not tabouleh

THIS IS NOT TABOULEH.

I’ve got to say that before all my Lebanese friends come after me, pelting me with falafels (which I maybe wouldn’t mind as much as I should). Real tabouleh is made with parsley, bulgur wheat, lemon juice, spring onion and mint. Calling this tabouleh would be like saying sushi is Chinese because it’s made with rice. Big no-no.

But as potentially culturally offensive as this little salad is, the ingredients were what I had in the fridge when I came home at about 8pm after a day of hardcore shopping and I certainly was not about to traipse out to get anything else. I very nearly reached for the pasta and sauce, but I didn’t, and I’m glad. This dish tastes wonderful – zingy and fresh and healthy – so I’m going to post it here for you to enjoy under the proviso that you all understand that calling it tabouleh would be a mistake, a misrepresentation, an egregious error.

The Not-Tabouleh Salad
Bunch of parsley, chopped
Two tomatoes, finely chopped
Quarter of a red onion, very finely chopped
3 tbsp of couscous
Juice of one lime
Olive oil

Parsley is wonderfully springy and robust, but the key is to get it as dry as humanly possible before chopping it, otherwise it ends up in a soggy mess. You can just use paper towels to pat the leaves after you’ve washed it. I know people who use a salad spinner to get it really dry before chopping it, which is great but a little Mission Impossible for the small kitchen.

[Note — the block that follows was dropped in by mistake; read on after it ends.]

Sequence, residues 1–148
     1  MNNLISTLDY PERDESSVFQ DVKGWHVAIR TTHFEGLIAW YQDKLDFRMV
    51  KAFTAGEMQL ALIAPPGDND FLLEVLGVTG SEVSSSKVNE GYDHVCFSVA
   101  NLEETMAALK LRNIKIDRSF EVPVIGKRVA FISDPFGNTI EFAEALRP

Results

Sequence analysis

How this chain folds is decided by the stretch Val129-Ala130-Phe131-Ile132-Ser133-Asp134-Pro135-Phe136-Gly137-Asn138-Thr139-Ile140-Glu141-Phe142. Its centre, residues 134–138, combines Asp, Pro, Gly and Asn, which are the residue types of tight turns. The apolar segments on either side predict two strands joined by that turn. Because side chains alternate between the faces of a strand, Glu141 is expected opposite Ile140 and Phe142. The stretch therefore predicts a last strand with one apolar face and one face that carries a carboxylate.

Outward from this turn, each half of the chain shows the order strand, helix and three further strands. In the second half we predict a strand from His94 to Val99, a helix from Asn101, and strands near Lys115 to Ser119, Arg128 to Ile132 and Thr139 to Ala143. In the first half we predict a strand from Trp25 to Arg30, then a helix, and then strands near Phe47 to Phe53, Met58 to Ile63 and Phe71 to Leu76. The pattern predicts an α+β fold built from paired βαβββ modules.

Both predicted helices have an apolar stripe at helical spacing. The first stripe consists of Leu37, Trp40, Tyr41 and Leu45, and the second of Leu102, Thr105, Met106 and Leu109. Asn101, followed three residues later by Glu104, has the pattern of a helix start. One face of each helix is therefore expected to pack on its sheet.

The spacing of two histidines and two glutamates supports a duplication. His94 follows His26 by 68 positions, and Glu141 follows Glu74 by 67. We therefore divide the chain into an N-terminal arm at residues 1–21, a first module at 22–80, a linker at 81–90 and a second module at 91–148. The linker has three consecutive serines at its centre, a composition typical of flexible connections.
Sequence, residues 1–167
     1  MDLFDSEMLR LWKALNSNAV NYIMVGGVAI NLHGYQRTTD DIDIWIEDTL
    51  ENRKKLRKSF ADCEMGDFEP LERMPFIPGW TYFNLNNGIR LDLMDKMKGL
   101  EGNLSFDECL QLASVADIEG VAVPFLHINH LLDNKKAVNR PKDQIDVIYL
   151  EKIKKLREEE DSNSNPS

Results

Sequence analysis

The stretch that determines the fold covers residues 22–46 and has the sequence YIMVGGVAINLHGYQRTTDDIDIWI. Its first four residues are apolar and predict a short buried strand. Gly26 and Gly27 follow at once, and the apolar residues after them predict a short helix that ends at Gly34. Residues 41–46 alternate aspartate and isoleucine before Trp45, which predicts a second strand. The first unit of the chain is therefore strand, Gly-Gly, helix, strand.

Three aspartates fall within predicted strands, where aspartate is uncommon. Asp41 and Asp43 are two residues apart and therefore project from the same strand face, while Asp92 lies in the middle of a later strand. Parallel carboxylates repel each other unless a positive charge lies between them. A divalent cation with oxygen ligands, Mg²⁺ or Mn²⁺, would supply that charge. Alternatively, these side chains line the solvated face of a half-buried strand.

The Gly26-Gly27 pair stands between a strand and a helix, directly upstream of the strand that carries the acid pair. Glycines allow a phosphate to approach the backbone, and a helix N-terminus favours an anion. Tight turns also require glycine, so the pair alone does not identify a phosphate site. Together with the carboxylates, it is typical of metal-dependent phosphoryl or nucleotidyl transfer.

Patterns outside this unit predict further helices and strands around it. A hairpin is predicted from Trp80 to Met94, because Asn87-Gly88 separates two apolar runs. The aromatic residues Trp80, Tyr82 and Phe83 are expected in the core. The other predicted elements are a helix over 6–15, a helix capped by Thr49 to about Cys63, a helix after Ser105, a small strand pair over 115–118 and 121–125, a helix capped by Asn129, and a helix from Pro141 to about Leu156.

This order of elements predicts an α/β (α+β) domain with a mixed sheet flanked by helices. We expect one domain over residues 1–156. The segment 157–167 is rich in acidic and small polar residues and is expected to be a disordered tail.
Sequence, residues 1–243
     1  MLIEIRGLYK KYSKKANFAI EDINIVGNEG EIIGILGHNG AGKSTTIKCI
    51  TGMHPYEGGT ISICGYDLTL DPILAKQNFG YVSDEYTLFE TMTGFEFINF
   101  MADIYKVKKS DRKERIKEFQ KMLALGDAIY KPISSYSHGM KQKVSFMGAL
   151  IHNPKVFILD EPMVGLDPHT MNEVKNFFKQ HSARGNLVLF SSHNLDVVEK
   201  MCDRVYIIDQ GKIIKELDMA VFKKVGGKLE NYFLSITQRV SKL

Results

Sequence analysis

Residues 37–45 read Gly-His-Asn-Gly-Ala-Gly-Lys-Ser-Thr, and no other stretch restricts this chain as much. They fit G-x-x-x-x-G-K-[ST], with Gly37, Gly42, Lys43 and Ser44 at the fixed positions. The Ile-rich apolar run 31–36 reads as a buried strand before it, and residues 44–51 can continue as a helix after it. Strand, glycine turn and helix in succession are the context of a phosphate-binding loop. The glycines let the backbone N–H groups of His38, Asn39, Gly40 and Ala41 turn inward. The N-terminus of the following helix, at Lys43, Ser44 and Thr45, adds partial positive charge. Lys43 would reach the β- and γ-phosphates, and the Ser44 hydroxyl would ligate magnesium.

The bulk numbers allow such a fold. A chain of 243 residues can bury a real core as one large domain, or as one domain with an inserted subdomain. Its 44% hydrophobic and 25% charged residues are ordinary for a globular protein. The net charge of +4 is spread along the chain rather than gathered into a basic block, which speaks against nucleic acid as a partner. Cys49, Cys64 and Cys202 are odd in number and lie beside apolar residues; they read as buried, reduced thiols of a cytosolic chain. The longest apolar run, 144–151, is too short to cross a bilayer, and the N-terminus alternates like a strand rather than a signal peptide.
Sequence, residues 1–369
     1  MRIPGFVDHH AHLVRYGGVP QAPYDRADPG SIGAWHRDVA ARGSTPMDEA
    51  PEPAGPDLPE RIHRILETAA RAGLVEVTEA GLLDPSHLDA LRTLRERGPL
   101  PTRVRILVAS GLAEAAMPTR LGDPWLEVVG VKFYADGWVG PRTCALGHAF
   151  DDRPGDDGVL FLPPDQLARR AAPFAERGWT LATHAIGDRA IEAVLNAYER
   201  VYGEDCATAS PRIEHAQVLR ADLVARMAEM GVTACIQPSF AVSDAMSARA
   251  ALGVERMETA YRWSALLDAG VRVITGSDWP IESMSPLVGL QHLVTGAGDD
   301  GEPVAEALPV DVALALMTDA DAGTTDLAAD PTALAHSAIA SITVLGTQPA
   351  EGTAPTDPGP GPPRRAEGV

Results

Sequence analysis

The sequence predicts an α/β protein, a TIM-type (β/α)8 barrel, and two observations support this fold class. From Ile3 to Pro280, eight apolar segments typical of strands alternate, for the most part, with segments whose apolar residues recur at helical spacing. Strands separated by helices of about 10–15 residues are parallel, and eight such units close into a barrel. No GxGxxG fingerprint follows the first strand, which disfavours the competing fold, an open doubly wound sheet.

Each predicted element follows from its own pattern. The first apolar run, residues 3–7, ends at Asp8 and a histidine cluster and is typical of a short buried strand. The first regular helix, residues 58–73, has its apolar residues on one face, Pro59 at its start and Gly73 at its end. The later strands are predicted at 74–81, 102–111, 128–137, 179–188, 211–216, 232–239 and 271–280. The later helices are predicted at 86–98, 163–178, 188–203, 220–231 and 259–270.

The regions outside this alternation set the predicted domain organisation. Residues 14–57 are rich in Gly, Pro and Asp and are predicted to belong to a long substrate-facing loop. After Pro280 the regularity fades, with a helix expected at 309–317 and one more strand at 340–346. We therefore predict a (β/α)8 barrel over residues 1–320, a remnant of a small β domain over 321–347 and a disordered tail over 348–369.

When chopping parsley, grab the stalks and chop from the leaves down. Get it right the first time because the ‘running the knife through again’ technique that I often use to make things are properly chopped doesn’t really fly with parsley – you can end up bruising the leaves and they get soggy. In any case, don’t fret if there are one or two leaves sticking out at the end. Make sure you’ve chopped enough that the parsley salad is really about the parsley, not the couscous.

Combine the parsley, couscous, tomato and onion (I’m not wild about raw onion, so I only used a quarter, but use your judgement). I don’t like lashings of olive oil dripping everywhere so I used just the tiniest drizzle and then squeezed the lime juice over. Mix well and serve by itself, or with romaine lettuce leaves.

I may have also helped myself to the world’s largest scoop of hummus. Why not?

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